PASSIONS HAVE been running high on the issue of sexual assault on college campuses, with women telling wrenching stories, universities being accused of failing victims, and the federal government seeking ways to force schools to do better. It seems like an unimpeachable cause. But, like many moral crusades, this one relies on too many uncritically accepted claims, often embraces blind zealotry, and has the potential to hurt innocent people without necessarily aiding those it seeks to help.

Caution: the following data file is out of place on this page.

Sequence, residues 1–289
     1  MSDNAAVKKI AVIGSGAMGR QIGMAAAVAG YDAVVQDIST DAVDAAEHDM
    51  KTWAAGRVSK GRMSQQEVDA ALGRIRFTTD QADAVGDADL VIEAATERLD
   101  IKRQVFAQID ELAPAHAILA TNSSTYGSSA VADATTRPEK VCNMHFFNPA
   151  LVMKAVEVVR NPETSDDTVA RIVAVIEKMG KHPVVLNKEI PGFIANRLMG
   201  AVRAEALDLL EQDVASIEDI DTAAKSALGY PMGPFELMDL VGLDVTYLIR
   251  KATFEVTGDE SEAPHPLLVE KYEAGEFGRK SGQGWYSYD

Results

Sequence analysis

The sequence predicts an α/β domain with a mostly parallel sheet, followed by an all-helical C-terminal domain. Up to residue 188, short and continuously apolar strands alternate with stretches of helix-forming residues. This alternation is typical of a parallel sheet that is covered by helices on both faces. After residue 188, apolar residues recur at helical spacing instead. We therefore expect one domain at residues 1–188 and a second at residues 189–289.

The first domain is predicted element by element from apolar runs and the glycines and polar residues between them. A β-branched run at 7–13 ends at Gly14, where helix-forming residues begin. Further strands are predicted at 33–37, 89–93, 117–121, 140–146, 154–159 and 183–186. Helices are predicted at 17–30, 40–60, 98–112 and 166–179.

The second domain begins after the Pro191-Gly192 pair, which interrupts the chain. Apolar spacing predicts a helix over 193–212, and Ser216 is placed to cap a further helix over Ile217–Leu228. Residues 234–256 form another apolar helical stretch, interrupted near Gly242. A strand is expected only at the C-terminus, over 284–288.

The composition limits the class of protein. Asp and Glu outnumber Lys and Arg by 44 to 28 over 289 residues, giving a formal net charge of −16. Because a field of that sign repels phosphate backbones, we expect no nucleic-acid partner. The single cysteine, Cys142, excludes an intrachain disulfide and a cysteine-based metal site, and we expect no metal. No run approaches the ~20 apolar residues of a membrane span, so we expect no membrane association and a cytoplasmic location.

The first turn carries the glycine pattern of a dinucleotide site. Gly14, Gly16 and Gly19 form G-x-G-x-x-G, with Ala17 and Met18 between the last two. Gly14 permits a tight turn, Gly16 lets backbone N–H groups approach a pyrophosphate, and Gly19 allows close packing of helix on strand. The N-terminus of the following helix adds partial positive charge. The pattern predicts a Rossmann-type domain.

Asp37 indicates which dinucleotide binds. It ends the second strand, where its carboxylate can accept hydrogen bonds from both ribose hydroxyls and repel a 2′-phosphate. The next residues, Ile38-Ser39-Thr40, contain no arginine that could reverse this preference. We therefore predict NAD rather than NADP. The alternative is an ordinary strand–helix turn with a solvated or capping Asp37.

As proof of the catastrophic scope of the problem, we are told that one in five college women will be sexually assaulted by the time they graduate. But this figure comes from surveys in which the questions used to measure alcohol- or drug-facilitated sexual assault are worded so broadly as to lump together incapacitation and impairment, and in which most women classified as victims of rape do not believe they were raped and do not report the incident because they don’t think it’s serious enough to report.
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